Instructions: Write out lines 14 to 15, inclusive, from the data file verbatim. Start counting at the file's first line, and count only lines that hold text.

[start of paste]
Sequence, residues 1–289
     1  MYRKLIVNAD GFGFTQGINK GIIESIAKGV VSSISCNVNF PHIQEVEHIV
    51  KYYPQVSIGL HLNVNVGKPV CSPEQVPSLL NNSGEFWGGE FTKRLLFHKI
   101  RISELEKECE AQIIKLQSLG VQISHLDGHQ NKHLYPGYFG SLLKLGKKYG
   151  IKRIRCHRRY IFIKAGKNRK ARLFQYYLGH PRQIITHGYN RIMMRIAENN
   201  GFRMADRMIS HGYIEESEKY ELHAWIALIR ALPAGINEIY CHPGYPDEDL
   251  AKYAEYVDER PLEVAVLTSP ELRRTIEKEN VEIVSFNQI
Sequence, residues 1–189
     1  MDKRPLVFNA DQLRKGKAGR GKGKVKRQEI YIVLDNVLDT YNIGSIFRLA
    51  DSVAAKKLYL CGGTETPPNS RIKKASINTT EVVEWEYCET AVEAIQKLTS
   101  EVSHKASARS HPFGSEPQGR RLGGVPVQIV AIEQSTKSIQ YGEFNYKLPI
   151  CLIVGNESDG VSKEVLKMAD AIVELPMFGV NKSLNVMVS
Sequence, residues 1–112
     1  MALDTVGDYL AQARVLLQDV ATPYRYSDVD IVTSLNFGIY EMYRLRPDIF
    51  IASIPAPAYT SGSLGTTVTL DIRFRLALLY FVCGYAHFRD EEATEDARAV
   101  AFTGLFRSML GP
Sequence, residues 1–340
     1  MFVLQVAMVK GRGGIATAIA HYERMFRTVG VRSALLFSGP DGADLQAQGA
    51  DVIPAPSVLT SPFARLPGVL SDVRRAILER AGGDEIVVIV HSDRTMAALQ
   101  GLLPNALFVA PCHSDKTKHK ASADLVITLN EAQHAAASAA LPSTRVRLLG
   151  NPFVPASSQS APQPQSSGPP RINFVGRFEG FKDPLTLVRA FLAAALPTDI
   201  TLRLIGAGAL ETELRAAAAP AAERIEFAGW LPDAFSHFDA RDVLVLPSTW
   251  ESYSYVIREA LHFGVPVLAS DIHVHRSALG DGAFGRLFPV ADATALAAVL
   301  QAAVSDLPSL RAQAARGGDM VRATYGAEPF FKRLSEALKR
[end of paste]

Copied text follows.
     1  MALDTVGDYL AQARVLLQDV ATPYRYSDVD IVTSLNFGIY EMYRLRPDIF
    51  IASIPAPAYT SGSLGTTVTL DIRFRLALLY FVCGYAHFRD EEATEDARAV